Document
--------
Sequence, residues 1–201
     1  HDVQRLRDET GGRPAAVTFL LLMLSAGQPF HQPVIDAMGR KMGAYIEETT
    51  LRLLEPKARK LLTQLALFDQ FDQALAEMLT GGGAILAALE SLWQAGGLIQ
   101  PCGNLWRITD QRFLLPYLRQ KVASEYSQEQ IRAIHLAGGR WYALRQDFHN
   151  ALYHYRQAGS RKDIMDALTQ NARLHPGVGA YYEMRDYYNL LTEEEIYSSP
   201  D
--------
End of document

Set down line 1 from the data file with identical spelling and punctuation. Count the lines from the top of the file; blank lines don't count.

Sequence, residues 1–201